District 518 school board weighs pond project, cooperation with Okabena-Ocheda Watershed District

If built, the pond could divert 300 pounds of phosphorus and 120 tons of sediment before it reaches Lake Okabena.

The sun sets over Worthington's Lake Okabena in this November 2021 file photo.
Tim Middagh / The Globe

WORTHINGTON — A proposed pond on school property that would keep 300 pounds of phosphorus and 120 tons of sediment out of Lake Okabena annually remains on the table — along with questions from the District 518 Board of Education.

During a work session Thursday, board members mulled the project initially advanced by the Okabena-Ocheda Watershed Board of Managers, and while they did not agree on every aspect of the proposed pond, a consensus was reached to ask the watershed board whether a 20- or 30-acre pond would be enough.

“I think we need to try to do the conservation part as good as we can,” said school board member Joel Lorenz. “... and I think that’s going to get a lot of support from the environmentalists around. There are people who care about the runoff.”

Tentative drawings show the pond with a 42-acre footprint that encompasses an existing wetlands area as well as additional land around it, much within the flood plain.

The initial suggestion from the Okabena-Ocheda Watershed District (OOWD) was that the land would still be owned by District 518 and the watershed district would be responsible for maintaining the pond. The costs for building it could be paid with a grant from the state of Minnesota, if the OOWD was successful with a grant request.


In addition to preliminary drawings provided by the OOWD, District 518 also had architects create a schematic of where the school’s future baseball, softball and soccer fields could potentially go, as well as a parking area. The artwork includes three baseball or softball fields as well as eight soccer fields, which could be built in the future.

In order to put sports fields on the property, the ground would have to be leveled out, at least some of which could be done using the dirt from excavating the pond, rather than bringing in fill from another site at the school’s expense — potentially $1.5 million.

“If you were not going to do anything with the watershed, we would have to do the dirtwork (for any fields built),” said Superintendent John Landgaard.

School board member Steve Schnieder, who is an engineer, reminded the board that the pond could have less area if it was deeper, depending on its design, and pointed out that the school could not build any structures on the flood plain anyway.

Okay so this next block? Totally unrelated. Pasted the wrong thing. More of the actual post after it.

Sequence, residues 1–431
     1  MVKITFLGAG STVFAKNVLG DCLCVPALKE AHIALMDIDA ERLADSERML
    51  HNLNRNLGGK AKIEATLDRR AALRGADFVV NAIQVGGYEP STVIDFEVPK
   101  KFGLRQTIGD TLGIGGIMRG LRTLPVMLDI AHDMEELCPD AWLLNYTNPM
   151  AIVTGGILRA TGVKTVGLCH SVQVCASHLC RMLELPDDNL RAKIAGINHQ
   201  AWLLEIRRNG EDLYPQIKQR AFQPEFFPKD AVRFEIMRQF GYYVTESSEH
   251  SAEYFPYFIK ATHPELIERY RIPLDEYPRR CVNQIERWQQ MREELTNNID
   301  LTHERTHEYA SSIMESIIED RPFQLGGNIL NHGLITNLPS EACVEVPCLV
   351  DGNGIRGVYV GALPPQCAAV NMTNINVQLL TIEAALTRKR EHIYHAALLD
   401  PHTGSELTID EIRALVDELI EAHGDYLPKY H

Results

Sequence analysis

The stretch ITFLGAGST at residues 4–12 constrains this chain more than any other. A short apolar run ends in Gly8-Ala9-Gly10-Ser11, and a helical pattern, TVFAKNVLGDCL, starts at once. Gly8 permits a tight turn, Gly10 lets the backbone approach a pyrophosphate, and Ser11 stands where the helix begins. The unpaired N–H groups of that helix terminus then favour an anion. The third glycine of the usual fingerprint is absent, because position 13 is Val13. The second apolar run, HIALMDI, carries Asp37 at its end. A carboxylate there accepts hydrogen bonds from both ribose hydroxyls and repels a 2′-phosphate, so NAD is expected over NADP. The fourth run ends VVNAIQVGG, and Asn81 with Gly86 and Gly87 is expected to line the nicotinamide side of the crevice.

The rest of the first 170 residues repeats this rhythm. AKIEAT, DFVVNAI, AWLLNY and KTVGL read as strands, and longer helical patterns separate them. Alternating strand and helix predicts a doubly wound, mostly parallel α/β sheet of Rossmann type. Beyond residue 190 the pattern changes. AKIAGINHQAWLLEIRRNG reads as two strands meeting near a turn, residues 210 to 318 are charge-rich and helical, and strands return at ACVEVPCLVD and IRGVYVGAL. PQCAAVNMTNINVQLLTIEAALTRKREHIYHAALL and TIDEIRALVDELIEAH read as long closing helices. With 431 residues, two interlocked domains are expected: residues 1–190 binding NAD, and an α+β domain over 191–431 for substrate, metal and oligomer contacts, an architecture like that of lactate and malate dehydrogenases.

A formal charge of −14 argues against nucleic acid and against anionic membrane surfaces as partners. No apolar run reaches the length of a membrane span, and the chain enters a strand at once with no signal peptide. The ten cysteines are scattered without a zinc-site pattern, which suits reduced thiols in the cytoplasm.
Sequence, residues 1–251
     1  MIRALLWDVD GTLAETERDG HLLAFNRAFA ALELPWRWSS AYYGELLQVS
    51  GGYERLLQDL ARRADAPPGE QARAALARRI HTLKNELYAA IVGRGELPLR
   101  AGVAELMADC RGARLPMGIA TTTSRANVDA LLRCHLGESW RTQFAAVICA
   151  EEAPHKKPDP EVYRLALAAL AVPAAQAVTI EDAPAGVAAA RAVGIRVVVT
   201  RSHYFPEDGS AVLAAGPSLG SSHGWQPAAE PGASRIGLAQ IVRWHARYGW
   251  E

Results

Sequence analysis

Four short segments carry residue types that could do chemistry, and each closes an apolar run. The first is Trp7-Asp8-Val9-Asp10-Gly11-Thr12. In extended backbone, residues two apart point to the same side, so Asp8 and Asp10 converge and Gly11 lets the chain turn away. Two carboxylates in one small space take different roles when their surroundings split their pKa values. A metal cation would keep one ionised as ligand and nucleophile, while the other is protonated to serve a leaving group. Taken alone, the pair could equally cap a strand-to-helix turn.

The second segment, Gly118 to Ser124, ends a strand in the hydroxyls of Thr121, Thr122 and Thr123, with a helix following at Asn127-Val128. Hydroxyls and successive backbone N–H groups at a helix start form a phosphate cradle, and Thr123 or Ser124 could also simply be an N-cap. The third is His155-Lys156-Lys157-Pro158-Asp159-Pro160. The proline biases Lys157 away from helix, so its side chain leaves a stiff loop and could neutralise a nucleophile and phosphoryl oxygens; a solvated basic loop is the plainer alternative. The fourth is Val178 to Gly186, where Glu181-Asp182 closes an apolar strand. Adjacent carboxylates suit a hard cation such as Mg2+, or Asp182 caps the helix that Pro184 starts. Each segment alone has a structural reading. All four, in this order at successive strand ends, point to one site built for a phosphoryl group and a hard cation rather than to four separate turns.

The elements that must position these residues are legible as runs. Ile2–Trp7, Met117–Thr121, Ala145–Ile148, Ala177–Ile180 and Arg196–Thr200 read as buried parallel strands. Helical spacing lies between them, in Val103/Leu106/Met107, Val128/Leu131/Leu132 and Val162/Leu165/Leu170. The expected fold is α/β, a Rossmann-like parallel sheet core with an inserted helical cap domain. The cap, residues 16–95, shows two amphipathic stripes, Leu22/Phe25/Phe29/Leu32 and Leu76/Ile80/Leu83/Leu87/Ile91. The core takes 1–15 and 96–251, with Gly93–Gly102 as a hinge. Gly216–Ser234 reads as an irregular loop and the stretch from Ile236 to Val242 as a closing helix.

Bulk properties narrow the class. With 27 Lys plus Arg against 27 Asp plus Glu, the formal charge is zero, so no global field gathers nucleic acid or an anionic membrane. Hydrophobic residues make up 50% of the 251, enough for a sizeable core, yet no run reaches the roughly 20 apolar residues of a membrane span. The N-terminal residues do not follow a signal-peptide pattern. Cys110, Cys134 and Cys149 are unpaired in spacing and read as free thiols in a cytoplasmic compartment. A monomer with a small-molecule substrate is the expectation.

School board member Adam Blume said he had concerns about how the watershed district has taken care of its other property.

“I feel if we just go work with this watershed and tell them to go ahead, it’s just giving them an unsigned check blank and they can do whatever they want here,” said Tom Prins, board member. “... I have a hard time giving 40 acres away.”

Landgaard said the school district can establish boundaries for the pond and requirements and expectations for maintenance.

Prins also expressed concerns about the possibility that all the dirt excavated would simply go to a berm for the pond rather than being used to level the ground for future ball fields, and added that he wanted to see more definite plans for the project from the watershed.


Schnieder pointed out that watershed representatives had already indicated that they didn’t want to spend the money on more detailed plans until they knew whether the school was interested in pursuing the project.

He also said he felt the project offered good benefits to the school district.

“So, you feel perfectly comfortable taxing people in (District) 518 and buying the land and then giving it away? You really feel comfortable with that?” Prins asked. “We tax people for education, not water quality in Lake Okabena.”

Blume said he felt something had to be done, but asked if they could use less land to accomplish the project. He also suggested using some of the land there for agricultural education, given the district’s strong ag program.

Board member Mike Harberts questioned the wisdom of maintaining ownership in someone else’s finished project, and Prins asked if a third party owning the land would limit liability for the district.

That would mean turning the land over to a third party, potentially with a sale, rather than keeping the land and giving the watershed district an easement to use it.

“I think it’s still hard to decide what to give them or what to do without an actual plan of what they’re going to do,” Prins said, later adding, “I just hope we don’t give them too much area and say, in 10 years ‘Oh I wish we had that back.’”

Harberts said he was open to showing the watershed district the schematics with the fields laid out and asking what could be done with 20 to 30 acres rather than 42, and the board seemed to reach a consensus to do just that.


A 1999 graduate of Jackson County Central and a 2003 graduate of Augsburg College, Kari Lucin started writing for newspapers in Minnesota and North Dakota in 2006. During her time as a reporter, she covered beats including education, watershed, county and agriculture, and frequently wrote about health and science. She has also served as an online content coordinator and an engagement specialist at various Forum Communications properties. She was a marketing assistant at Iowa Lakes Community College in Estherville for two years, where she did design work in addition to writing and social media management.

Lucin is currently a community editor with the Globe of Worthington.

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